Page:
4.1.4. GSTs Diverse Roles in Alzheimer’s Disease

During the last few years, a novel multifaceted role of a key enzyme of glutathione metabolism, glutathione-S-transferase, has been introduced in AD. Glutathione-S-transferases (GSTs) belong to a family of phase II enzymes, which catalyze the conjugation of a wide variety of electrophilic substrates including xenobiotics (pesticides, chemicals, drugs and carcinogens) to glutathione, and thus represent a potential risk factor for AD [167]. The enzymatic inactivity of GSTs is correlated to higher oxidative stress [168]. In postmortem brain tissues and the CSF of AD patients, decreased GST activities have been reported [169]. In a study conducted on Brazilian people, the genetic polymorphisms of GSTP1 (V allele) and the nullity of GSTT1 proved to be additional risk factors for late-onset AD together with APOE polymorphism ε4, whereas the polymorphism of GSTM1 had no discriminations between groups [170]. In a subsequent study, Iranian people with APOE ε4 and GSTM1 null deletions had an increased risk for late-onset AD [171]. In AD, anxiety and depression have been hypothesized to be early-onset symptoms of AD, with the latter representing the most common psychiatric disorder in AD with a potential treatment to remain elusive [172]. Anxiety-like behavior is closely related to oxidative stress [173]. Melatonin, an endogenous hormone that decreases during aging and in AD, has been shown to improve memory loss and learning in 3xTg-AD mice as well as to decrease Aβ accumulation and tau hyperphosphorylation in various AD models [174,175]. Based on this knowledge, Nie et al. treated 3xTg-AD and WT mice with melatonin and performed proteomics in their corresponding hippocampus regions [176]. Their data showed that between the differentially expressed proteins, glutathione S-transferase P 1 (GSTP1) (anxiety-associated protein) and complexin-1 (CPLX1) (depression-associated protein) was significantly downregulated in the hippocampus of 3xTg-AD mice compared with the WT mice. The expression of these two proteins was modulated by melatonin treatments, suggesting that melatonin could be a potential treatment of neuropsychiatric symptoms in AD via the modification of GSTP1 and CPLX1 [176]. Another novel role of GSTs and the glutathione system and relevance to neurodegenerative disorders has been identified in a recent study in fly wing axons and primary rodent neurons, where it was uncovered that the glutathione redox pathway regulates mitochondria dynamics in axons [177]. In particular, this study in Droshophila unraveled a novel GST, Gfzf, homologous to GSTT1 in humans, that inhibits mitochondrial hyperfusion under normal conditions and that changes the redox status due to GST loss, having a direct impact on mitochondrial trafficking and neuronal responses. The authors demonstrated that GSTs constitute novel components of the mitochondrial fusion inhibition machinery in vivo. Therefore, they potentiated the key redox regulatory differences between compartments in neurons (axons vs. soma) and highlighted the importance of the further investigation of the ratio of GSH:GSSG and GST activities in the mitochondria’s dynamic-driven axonal loss in neurodegenerative diseases [177].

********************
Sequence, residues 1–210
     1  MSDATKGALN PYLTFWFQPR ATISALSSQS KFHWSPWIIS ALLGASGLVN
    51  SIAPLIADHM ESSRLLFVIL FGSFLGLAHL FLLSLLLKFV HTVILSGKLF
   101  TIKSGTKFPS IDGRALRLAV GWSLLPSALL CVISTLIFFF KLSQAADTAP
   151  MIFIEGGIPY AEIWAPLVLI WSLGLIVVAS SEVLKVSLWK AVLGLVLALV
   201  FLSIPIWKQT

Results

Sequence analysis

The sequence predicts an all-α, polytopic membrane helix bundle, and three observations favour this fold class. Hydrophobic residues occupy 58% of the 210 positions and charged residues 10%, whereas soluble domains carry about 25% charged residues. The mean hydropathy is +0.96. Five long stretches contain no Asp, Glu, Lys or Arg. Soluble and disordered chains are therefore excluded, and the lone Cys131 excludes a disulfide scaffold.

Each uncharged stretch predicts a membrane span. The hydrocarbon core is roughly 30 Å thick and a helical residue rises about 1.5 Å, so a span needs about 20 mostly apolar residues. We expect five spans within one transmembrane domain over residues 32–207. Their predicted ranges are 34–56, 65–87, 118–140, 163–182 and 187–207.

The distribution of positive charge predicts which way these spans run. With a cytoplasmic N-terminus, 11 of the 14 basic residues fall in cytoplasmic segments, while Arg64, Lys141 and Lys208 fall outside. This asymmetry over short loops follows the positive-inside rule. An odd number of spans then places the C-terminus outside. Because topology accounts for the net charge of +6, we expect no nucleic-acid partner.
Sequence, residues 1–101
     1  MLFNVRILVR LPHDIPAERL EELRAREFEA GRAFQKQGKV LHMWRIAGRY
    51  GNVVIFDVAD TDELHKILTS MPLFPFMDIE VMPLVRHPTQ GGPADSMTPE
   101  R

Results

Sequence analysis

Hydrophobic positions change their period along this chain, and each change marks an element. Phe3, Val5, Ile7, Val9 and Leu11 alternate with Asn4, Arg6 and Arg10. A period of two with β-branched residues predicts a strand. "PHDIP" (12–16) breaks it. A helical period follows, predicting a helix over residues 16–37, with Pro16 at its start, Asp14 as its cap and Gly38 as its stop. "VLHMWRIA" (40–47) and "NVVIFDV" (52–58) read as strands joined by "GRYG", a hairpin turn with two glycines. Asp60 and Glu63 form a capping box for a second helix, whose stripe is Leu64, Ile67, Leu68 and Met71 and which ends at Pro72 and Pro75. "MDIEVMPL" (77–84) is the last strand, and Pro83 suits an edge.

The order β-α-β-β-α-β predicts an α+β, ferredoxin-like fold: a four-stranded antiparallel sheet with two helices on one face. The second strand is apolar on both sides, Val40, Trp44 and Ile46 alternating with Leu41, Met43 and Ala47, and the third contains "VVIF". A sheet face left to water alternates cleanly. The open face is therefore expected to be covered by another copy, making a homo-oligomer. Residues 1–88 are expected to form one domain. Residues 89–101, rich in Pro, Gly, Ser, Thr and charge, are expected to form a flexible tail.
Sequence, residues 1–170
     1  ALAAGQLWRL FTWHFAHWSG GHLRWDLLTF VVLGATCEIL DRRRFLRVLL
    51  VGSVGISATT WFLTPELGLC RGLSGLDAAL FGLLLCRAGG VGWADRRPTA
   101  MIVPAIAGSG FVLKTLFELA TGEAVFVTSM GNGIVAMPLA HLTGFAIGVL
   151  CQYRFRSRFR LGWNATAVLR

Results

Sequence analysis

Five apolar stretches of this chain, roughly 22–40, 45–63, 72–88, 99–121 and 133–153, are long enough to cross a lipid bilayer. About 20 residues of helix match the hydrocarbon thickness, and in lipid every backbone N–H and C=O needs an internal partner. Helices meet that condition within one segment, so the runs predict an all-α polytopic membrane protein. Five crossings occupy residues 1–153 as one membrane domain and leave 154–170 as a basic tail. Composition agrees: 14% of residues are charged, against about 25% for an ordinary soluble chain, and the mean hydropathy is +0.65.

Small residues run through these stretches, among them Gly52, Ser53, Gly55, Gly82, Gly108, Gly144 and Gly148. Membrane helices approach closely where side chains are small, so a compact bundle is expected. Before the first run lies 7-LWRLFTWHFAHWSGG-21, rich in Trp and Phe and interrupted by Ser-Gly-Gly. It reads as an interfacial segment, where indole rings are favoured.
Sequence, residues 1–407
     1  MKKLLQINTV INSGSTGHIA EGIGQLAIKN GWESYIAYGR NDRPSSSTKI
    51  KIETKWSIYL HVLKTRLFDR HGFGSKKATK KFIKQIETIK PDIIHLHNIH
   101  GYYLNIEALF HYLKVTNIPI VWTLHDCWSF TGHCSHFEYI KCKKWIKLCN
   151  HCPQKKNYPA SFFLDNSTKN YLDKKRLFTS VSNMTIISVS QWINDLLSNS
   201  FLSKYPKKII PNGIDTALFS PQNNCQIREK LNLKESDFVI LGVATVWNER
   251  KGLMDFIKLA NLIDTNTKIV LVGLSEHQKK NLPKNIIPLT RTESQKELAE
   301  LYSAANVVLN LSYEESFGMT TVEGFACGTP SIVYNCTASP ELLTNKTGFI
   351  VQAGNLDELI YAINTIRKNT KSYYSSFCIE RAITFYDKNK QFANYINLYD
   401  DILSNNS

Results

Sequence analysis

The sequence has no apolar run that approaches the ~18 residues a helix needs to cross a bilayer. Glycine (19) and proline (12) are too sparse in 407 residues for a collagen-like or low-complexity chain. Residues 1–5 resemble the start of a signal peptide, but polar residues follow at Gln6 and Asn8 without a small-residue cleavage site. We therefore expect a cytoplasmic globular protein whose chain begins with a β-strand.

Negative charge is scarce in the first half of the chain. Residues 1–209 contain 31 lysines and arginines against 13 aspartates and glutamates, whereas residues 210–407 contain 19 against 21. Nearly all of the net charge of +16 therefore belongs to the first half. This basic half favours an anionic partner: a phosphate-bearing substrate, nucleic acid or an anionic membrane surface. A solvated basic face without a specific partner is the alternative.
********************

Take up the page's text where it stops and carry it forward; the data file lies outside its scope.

4.2. S-Nitrosylation in Alzheimer’s Disease

Investigations with respect to S-nitrosylated proteins in AD brain tissues provided evidence for pervasive S-nitrosylation dysregulation in AD, suggesting that this redox post-translational modification is critical in disease pathogeneses [178]. Both ROS and RNS are implicated in metabolic dysfunction and protein misfolding in AD. In particular, NO-induced post-translational modifications have been extensively studied in mitochondrial bioenergetics and dynamics as well as in Aβ and tau aggregates in AD [179].
In a study that utilized targeted proteomics for the detection of S-nitrosylated proteins in different regions of the AD brain (hippocampus, substantia nigra and cortex), 45 endogenous nitrosylated proteins were identified with main functions in signaling pathways, metabolism, apoptosis and redox regulation [30] (Figure 7). Of particular interest for the mitochondrial homeostasis and metabolism in AD were the differentially nitrosylated proteins: Mn superoxide dismutase (SOD2), fructose-bisphosphate aldolase C (ALDOC) and voltage-dependent anion-selective channel protein 2 (VDAC2) (Table 1). Interestingly, the authors assessed the functional interaction of the identified nitrosylated proteins and demonstrated that the mitochondrial VDAC2, which was hypernitrosylated, particularly interacted with VDAC1 and cytoskeletal proteins such as tubulin and ACT. VDAC1’s abnormal interaction with amyloid beta and phosphorylated tau has been reported to block mitochondrial pores leading to mitochondrial dysfunction [180]. The movement of Ca2+ across the outer mitochondrial membrane has been suggested to be mediated by VDACs [144]. Since the amyloid beta abnormal modification of transported Ca2+ and buffering systems has been shown to elevate levels of intracellular Ca2+ [181], it can be speculated that the S-nitrosylation of VDACs affects their roles in Ca2+ uptake and signaling and thus contributes to Ca2+ dysregulation in mitochondria. Concerning the interaction between VDAC and cytoskeletal proteins, presuming that S-nitrosylation is a priming factor in protein folding [85], the observed nitrosylation of tubulins (TUBA-1A, 1B chain and TUBB-2C) and their interaction with ACT and hypernitrosylated VDAC2 might be a crucial factor that hampers microtubule architecture in AD and other neurodegenerative diseases. Another mitochondrial protein identified to be S-nitrosylated in the AD region is SOD2; its nitrosylation might inhibit its detoxifying capacity, leading to mitochondrial dysfunction [143] (Table 1). It is still uncertain how the S-nitrosylation of SOD2 contributes to AD pathology.